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SHORT COMMUNICATION
Year : 2015  |  Volume : 3  |  Issue : 1  |  Page : 76-78

Evaluation of relationship between periodontitis and various components of metabolic syndrome


1 Post Graduate student, Department of Oral Pathology, Sharad Pawar Dental College, Sawangi (M), Wardha, Maharashtra, India
2 Professor & Dean (faculty of dentistry), Department of Oral Pathology, Sharad Pawar Dental College, Sawangi (M), Wardha, Maharashtra, India
3 Associate professor, Department of Oral Pathology, Sharad Pawar Dental College, Sawangi (M), Wardha, Maharashtra, India
4 Professor & HOD, Department of Oral Pathology, Sharad Pawar Dental College, Sawangi (M), Wardha, Maharashtra, India

Correspondence Address:
Sadaf Alvi
Post Graduate student, Department of Oral Pathology, Sharad Pawar Dental College, Sawangi (M), Wardha, Maharashtra
India
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Source of Support: None, Conflict of Interest: None


DOI: 10.4103/2321-7006.301967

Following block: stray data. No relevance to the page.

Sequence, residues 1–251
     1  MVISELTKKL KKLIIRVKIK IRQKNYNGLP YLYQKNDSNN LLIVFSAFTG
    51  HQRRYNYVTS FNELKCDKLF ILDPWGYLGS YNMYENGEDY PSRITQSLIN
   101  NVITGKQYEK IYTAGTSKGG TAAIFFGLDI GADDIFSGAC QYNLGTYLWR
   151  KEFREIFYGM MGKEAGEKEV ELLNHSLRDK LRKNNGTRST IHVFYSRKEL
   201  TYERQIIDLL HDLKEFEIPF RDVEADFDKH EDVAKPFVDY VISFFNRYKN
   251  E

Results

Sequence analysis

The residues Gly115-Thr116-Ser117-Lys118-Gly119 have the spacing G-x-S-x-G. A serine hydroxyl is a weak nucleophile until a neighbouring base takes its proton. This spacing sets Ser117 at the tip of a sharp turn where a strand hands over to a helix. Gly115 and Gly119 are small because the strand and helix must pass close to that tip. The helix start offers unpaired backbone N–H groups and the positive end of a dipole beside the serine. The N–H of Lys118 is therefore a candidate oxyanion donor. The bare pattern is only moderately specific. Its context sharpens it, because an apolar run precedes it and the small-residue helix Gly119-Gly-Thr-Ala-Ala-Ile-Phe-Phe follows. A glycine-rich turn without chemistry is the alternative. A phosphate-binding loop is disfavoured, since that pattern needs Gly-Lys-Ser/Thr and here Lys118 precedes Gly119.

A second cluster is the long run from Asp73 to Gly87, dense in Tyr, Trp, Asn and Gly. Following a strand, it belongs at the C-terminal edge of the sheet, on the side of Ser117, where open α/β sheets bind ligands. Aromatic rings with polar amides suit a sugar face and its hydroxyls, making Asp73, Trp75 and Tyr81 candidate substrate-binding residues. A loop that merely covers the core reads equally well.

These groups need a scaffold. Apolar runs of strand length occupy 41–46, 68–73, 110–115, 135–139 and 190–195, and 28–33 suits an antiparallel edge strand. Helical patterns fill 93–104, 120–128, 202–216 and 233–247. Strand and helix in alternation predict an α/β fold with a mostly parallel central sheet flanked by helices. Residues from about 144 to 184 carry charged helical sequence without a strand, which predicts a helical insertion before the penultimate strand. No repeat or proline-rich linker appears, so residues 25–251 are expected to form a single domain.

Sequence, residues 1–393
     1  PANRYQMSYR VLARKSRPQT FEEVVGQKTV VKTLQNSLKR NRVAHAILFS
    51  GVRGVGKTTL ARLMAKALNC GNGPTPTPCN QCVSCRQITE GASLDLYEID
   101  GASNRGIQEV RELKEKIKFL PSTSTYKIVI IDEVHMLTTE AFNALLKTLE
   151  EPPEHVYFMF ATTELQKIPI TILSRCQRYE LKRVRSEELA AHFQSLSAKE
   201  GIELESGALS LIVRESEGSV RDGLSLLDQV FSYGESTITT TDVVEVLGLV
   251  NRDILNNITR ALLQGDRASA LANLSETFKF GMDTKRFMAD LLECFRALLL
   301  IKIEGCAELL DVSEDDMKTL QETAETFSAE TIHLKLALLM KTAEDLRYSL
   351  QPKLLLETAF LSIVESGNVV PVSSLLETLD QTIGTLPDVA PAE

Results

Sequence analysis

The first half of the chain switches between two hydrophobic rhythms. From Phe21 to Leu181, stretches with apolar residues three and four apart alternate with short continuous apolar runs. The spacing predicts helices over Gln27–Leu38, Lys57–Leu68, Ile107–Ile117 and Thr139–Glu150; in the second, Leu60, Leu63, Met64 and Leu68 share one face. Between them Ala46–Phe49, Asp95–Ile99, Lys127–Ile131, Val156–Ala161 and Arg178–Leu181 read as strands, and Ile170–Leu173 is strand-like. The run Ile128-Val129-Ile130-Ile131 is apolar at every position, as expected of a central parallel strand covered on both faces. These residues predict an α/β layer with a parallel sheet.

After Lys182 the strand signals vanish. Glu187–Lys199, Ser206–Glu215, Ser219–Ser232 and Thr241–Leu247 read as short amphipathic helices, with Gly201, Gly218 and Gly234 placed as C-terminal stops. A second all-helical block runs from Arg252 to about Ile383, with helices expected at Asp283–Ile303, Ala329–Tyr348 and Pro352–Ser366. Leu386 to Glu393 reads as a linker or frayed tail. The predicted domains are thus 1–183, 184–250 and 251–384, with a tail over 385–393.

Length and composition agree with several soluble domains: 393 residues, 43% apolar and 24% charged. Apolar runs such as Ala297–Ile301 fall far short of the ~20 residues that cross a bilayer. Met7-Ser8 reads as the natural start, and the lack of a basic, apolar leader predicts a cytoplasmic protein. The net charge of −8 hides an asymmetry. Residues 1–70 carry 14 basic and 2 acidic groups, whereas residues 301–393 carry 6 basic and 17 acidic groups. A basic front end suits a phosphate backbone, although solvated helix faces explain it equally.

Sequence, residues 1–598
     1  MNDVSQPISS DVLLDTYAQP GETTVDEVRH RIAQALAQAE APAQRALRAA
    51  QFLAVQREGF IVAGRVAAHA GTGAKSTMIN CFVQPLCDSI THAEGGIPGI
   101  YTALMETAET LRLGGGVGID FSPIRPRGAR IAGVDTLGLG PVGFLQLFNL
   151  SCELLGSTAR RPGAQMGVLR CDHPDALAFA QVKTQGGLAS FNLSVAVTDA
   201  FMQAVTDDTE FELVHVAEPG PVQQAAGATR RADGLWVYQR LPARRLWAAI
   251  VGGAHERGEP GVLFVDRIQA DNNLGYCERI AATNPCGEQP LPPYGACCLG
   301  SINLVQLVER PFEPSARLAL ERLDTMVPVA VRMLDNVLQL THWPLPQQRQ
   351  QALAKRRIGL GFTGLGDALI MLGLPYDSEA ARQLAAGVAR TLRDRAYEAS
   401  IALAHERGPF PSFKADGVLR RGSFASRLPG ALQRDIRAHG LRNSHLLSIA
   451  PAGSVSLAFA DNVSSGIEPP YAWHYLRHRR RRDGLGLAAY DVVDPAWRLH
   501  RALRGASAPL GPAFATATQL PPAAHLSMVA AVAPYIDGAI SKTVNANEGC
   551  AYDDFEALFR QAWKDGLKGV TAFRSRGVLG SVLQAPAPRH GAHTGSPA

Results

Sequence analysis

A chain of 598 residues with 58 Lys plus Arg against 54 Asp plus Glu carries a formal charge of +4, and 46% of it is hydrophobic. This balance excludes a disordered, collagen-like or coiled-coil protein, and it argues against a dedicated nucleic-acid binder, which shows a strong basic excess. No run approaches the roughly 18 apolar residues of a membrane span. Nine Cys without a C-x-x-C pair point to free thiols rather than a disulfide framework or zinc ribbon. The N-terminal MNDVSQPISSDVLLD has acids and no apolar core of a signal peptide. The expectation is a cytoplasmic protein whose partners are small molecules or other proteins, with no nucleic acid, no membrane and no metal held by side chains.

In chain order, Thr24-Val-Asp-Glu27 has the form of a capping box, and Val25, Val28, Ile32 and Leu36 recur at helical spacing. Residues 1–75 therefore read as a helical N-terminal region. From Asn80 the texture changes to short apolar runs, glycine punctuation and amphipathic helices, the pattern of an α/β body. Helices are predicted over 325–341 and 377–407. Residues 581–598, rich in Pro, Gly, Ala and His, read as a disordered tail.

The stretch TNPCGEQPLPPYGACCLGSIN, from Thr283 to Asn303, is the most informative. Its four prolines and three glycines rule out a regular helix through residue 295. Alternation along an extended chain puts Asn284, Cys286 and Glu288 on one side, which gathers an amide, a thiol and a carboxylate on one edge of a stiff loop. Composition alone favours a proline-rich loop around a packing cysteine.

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Metabolic syndrome (MetS) is a cluster of cardiovascular risk factors that include obesity, diabetes, hypertension, and dyslipidemia. Oxidative stress may act as a common link to explain the relationship between each component of MetS and periodontitis. MetS is characterized by oxidative stress, a condition in which the equilibrium between the production and the inactivation of reactive oxygen species (ROS) becomes disrupted. ROS contribute to cellular dysfunction and damage. Patients with more components of MetS had a significantly greater probing depth and clinical attachment loss. Evaluation of relationship between periodontitis and various components of Metabolic syndrome (MetS).This prospective study was carried out on study group consists of 30 subjects. All the patients will be evaluated for the risk factors of MetS which are: B.M.I., B.R, Triglycerides, R.B.S. increase in these risk factors is associated with increase in periodontal pocket depth, gingival recession and clinical loss of attachment. Metabolic alterations related to MetS causes an augmented response to bacterial plaque favouring periodontal insurgence. Oxidative stress acts as common link to explain the relationship between each component of MetS and periodontitis. Thus, periodontitis the harbinger of MetS which is more severe and disproportionate to number of local factors related to it.


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